Councillors get two months off to work out what they stand for

WALTER CONXITE, our man with a dog-eared copy of the local free paper and a part-eaten Yorkie bar, offers his pre-Grand National pin-stickers’ guide to the likely outcome of May’s local elections

Crystal palace: The new council HQ will cost every household in Croydon at least £1,000. But it doesn't seem like a vote-winning election issue

Crystal palace: The new council HQ will cost every household in Croydon at least £1,000. But it doesn’t seem like a vote-winning election issue

Croydon’s councillors, all 70 of them who between them pocket £1.4 million of public cash each year in euphemistic “allowances”, now have no further full council meetings to attend scheduled until July. For some of them, like the 14 who have been de-selected by the Conservatives (10) and Labour (four) parties, they have attended their last full council meeting, at least for a while, after they get formally replaced on May 23.

With the local elections looming, it means that in 2014, Croydon councillors may get at least five months off having to attend full council this year (other sub-committees, such as strategic planning which meets tonight, will continue to operate).

So the councillors are now free to concentrate on campaigning in Croydon’s marginal wards. It’s unclear, though, whether the councillors have anything of value to communicate to the voters.

Croydon’s Conservatives and Labour groups look likely though to retain their duopoly of power in what promises to be a very close-fought local election. The post-Budget drift for Labour in the national opinion polls leaves the Conservatives the favourites to return to office in Katharine Street, where they have held power since 2006.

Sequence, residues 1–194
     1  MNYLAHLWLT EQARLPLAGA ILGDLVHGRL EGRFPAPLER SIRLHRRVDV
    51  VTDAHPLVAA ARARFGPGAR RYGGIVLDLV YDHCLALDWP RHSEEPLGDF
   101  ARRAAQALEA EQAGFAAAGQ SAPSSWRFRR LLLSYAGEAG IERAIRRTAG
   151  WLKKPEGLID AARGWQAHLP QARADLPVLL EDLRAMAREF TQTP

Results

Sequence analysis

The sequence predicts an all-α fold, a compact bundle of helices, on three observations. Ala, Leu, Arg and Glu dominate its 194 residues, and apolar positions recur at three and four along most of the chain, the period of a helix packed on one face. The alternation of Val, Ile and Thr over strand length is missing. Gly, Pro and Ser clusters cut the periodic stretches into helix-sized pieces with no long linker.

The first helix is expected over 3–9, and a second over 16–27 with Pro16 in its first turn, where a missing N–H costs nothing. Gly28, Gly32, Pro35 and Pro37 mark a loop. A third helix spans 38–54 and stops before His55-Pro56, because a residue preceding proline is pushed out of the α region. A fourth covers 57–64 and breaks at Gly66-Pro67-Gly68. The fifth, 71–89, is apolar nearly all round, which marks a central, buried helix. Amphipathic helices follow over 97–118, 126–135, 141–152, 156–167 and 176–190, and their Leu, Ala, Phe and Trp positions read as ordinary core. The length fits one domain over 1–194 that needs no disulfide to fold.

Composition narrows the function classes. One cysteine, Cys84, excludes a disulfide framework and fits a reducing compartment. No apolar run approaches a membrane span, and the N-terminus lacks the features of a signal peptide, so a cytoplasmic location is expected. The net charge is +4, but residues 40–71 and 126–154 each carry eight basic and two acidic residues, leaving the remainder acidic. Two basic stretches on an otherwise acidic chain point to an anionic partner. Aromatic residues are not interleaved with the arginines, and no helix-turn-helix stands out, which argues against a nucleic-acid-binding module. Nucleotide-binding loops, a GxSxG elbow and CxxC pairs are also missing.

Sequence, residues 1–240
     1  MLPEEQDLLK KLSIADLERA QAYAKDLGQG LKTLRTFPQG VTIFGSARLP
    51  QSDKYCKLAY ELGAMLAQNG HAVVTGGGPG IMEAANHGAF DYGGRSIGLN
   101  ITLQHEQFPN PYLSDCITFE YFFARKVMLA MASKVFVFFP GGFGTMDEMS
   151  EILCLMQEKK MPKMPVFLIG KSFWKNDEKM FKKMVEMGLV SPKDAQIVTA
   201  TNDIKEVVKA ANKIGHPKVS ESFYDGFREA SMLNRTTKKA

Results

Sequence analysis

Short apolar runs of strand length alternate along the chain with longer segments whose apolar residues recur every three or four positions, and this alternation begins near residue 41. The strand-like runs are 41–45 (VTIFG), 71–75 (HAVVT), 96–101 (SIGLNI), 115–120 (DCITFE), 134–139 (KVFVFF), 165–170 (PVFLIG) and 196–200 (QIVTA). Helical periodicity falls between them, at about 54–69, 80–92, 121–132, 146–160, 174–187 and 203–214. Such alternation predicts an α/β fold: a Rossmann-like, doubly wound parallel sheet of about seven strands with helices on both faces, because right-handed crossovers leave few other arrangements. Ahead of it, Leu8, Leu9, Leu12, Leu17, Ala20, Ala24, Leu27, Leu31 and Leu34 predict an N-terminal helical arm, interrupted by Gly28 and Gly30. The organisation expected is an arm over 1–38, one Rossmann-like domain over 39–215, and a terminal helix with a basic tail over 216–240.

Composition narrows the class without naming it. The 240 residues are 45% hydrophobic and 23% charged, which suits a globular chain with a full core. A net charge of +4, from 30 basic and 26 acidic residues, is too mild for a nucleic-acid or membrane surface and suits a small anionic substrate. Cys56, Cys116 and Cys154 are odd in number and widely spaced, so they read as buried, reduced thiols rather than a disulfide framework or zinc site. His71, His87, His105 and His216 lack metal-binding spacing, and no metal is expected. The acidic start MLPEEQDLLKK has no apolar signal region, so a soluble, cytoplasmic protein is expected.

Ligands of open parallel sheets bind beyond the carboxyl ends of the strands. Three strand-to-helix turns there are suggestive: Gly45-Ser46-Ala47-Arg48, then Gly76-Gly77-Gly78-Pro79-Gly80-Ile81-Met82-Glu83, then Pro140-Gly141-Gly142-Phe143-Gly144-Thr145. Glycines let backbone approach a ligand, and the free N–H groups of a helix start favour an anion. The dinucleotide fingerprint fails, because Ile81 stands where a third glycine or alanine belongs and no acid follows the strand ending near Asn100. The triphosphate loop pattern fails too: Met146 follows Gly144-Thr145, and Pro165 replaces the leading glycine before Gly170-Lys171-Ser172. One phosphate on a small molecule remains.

The lack of a full council meeting from March 24 to, at the earliest, June 3 seems likely to cause no damage to the governance of Croydon.

The council meetings have such little power to transact business that they have become just a stage for exchanges of personal abuse and put-downs that are widely acknowledged to deter the general public from taking any interest in local politics. Maybe that’s the politicos’ deliberate intention.

The nasty, bullying culture of the council meetings took another notch downward among the dying embers of the London Borough of Croydon’s unlucky spendthrift 13th council.

Previously the personal remarks have been limited to the verbal exchanges, but this time round there was a new nadir reached. Leader of the Council, florid-faced Mike Fisher, gave good counsel in a written answer about proper courtesy between councillors. “I believe councillors should always behave in a reasonable way towards each other,” Fisher said in one instance.

Sadly, at the next turn, he neglected his own advice.

Mike Fisher: not as polite and reasonable as he says he should be

Mike Fisher: not as polite and reasonable as he says he should be